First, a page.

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Thursday, August 31, 2006

Object Serialization using C#

Introduction

Writing crucial data to the disk as TEXT is always dangerous. Any anonymous user can open the text file and easily read your data. With Object Serialization, you can reduce this danger to a certain extent. You can write any complex object directly to a filestream without converting values of individual properties into a text. You can make the data written, to the disk, atleast not human readable. In order for the users to read your data files, they have to use your program. Like a File Open command which you may provide in your application.

.NET and Object Serialization

Now what does .NET framework provide us to do Serialization of Custom-build class objects? With the advent of any programming language, developers would first look whether it is an OOPL. If so, how to create my own classes with my own properties and functions. And then comes inheritance and all others. Explaining how to create user-defined classes is out of scope of this article. But along the way you will get to know about what a user-defined class is.

Serialization explained

Serialization is the process of converting complex objects into stream of bytes for storage. Deserialization is its reverse process, that is unpacking stream of bytes to their original form. The namespace which is used to read and write files is System.IO. For Serialization we are going to look at the System.Runtime.Serialization namespace. The ISerializable interface allows you to make any class Serializable.

Here are the following steps that we are going to do to create a serializable class and test it.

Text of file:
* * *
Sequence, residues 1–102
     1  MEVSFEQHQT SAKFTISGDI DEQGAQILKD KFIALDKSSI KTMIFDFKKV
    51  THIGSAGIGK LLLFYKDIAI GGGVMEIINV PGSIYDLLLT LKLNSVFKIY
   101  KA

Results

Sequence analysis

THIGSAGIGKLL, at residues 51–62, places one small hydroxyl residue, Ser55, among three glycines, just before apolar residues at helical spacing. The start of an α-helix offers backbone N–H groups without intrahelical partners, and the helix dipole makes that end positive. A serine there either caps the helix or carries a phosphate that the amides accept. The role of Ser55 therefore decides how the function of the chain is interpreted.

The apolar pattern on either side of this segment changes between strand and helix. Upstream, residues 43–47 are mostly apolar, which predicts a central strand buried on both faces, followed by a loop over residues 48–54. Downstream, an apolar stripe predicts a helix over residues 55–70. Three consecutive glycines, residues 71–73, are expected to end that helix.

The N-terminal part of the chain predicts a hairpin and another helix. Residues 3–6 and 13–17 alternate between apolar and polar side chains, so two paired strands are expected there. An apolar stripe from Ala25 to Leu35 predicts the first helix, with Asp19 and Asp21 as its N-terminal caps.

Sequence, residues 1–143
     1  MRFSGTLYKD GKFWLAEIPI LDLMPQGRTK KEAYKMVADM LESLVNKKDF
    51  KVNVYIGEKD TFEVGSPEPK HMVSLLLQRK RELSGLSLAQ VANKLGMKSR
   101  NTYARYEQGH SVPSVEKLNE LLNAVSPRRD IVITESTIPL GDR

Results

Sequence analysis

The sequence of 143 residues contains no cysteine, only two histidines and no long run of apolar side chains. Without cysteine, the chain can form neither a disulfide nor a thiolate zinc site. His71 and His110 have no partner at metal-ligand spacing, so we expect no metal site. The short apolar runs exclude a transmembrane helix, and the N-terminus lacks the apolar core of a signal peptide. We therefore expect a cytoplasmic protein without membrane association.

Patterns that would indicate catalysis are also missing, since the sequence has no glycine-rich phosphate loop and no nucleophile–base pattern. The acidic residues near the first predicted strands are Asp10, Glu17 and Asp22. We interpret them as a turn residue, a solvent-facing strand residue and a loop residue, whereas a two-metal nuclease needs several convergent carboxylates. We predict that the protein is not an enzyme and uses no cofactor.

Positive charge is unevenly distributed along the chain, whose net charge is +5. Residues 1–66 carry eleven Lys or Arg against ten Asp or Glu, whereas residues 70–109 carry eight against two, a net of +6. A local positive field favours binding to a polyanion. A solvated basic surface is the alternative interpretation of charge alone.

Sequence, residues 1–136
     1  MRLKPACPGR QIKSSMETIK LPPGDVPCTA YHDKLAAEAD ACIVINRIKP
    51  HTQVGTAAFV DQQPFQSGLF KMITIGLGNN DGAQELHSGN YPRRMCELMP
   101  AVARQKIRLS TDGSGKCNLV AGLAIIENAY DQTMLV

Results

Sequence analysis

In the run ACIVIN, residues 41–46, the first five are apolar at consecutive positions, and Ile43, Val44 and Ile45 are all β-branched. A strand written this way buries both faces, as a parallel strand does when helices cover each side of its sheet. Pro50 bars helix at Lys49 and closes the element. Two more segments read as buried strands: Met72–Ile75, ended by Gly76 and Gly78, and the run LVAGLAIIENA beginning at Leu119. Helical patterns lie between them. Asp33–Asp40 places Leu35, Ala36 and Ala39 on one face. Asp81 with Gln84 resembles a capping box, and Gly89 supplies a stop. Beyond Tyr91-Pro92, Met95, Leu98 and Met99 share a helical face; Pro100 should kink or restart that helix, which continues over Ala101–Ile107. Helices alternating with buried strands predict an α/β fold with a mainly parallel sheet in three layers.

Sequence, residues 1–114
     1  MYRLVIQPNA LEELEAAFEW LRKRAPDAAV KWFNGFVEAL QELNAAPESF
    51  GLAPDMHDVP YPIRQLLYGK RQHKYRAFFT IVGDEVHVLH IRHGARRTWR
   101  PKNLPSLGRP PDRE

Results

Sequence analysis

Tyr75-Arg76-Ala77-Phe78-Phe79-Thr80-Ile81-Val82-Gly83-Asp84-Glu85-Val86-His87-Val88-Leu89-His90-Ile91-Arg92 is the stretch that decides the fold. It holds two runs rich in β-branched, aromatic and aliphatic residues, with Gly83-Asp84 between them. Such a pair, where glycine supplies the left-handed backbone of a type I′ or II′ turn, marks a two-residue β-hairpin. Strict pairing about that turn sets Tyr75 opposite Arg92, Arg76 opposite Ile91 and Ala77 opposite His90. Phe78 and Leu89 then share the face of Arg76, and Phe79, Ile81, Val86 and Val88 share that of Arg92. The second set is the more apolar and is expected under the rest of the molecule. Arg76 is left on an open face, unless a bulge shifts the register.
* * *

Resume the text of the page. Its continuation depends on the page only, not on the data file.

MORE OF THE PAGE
• Create a custom class named Employee and assign properties.
  • Define the serialization functions.
  • Create a main class and instantiate our Employee class.
  • Serialize the object to a sample file.
  • Deserialize the values by reading it from the file.

Defining Employee class and properties
   Our custom class Employee should be derived from the ISerializable interface and should hold the Serializable attribute. Here is the code snippet.

using System;
using System.IO;
using System.Runtime.Serialization;
using System.Runtime.Serialization.Formatters.Binary; namespace MyObjSerial
{
    [Serializable()]    //Set this attribute to all the classes that want to serialize
    public class Employee : ISerializable //derive your class from ISerializable
    {
        public int EmpId;
        public string EmpName;
       
        //Default constructor
        public Employee()
        {
            EmpId = 0;
            EmpName = null;
        }
        }
}

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Post a Comment

Kanu said...

Thanks for the post it is really useful to me.